Government which buys important resources and sits on them would limit business. Like, the Strategic Reserves. Government used those to play commodity market maker. Whenever the price of a strategic resource went too high, FEMA would sell some to drive the price down. When it got too low FEMA would buy. When FEMA correctly judged the market, they stabilised prices and prevented speculators from causing big price swings. When they incorrectly judged the market, they lost money. But the economy could have used the stockpile of copper and nickel and chromium etc the government kept out of circulation.

Government can limit business with stupid regulation. My grandfather ran a distillery, and the inspectors saw a box of yeast on the shelf. They shut him down because they had a regulation that fermentation must be "natural", it must happen from whatever yeast float in on the air and not from yeast the vintner chooses. To the extent that businesses actually followed that regulation their production was compromised.

There are lots of ways that government can hinder business. But collecting taxes and spending them, does not hinder business. It only hinders private consumers.

Quote
Here's how I legally pay no "income tax":  I imagine that my nominal pay (let's call it $50K/year, for simple numbers) is not my real pay -- my real pay is $37.5K, i.e., it's what I take home, what I actually live on.  The extra $12.5K is my employer's "hiring tax" -- it's the extra amount they have to shell out to the government in order for me to be there doing $37.5K of work.  My employer does not want to hire an army of accountants to figure their "hiring tax" to the finest degree, so they give me this bonus incentive:  I do the calculation for them (aka filling out a 1040) -- and if I can find any ways to decrease the hiring tax monies, I get to keep the difference (aka "deductions").

I have suggested making that official. Turn the earned income tax into an employment tax that the employer pays, and just drop all the complications about the employees. The result is a simpler tax that does not require as much accounting. Employees who have that as their main or only income wouldn't need to file income tax at all, saving them hours of effort each year. And that part of the population could be less incenses about taxes and where their tax money goes. They would notice that it wasn't ever their tax money in the first place.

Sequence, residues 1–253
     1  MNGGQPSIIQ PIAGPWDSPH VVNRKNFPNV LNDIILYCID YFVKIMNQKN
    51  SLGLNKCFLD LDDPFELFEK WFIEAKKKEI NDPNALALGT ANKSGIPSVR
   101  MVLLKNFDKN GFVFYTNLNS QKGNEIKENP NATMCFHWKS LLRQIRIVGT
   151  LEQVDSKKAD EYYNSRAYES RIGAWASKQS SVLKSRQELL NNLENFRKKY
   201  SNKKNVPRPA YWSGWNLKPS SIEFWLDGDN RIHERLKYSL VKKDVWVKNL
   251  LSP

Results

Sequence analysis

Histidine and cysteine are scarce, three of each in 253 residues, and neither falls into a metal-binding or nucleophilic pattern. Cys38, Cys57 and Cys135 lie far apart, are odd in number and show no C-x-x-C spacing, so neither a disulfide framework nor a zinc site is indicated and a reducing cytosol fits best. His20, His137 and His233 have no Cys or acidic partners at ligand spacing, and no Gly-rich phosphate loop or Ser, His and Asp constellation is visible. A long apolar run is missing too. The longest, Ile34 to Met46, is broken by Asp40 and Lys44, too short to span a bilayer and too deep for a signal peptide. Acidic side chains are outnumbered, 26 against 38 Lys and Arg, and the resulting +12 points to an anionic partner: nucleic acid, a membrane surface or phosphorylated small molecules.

I suggested this to my congressmen and senators and to Obama. I got no responses. I think one of the problems with the idea is that a lot of politicians need for voters to be upset about their taxes, so they want those voters to think that money which they never saw was *their* money and that *they* paid it to the government which wasted it.

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If it weren't for government, my employer could afford to hire four people like me (4*$37.5K=$150K), where they can currently only afford 3 (3*$50K=$150K).  The higher the "income" tax, the worse that hiring discrepancy becomes.

Just to keep it simple, let's pretend the government buys one quarter of everything that gets produced. So they buy 25% of your employer's product, and pay for it. Then they tax 25% of the wages that went to produce it. The employees buy the other three quarters of everything that gets produced with their wages.

So now the government vanishes. The employees now buy 100% of the consumer goods instead of only 75%. The employers pay them more to produce the same things. Consumers are 1/3 more prosperous if businesses do nothing different. Would the businesses hire 33% more workers, so ... so ... so they could produce 33% more stuff? Maybe so. But what kept them from doing it before was not that they didn't have the money to hire more people. With full employment your employer couldn't hire that fourth worker because he was already working for the government.

terry_freeman on January 23, 2011, 09:12:47 pm
I have bought this book:
http://www.liveontenthousand.com/
ten bucks, e-book, and highly recommend it.  I have no stake in it, I just like it.

Just reading the table of contents can give a lot of ideas. People have no idea how much of their income is wasted in so many ways. To give just one example, I decided to do without a car these past five years or so - and before that, I bought used cars for about $2500, and saved quite a bundle. A careful shopper can find a low-maintenance car in the $2500-4000 range; it's ridiculous to pay $30,000 or so for that "new car fragrance."

J Thomas on January 24, 2011, 09:36:23 am
I have bought this book:
http://www.liveontenthousand.com/
ten bucks, e-book, and highly recommend it.  I have no stake in it, I just like it.

A careful shopper can find a low-maintenance car in the $2500-4000 range; it's ridiculous to pay $30,000 or so for that "new car fragrance."

Unfortunately that option is not open for everybody. If there weren't a whole lot of people trading in the cars they paid $30,000 for, there wouldn't be many $3000 cars for sale.

Unless somebody started making $3000 cars.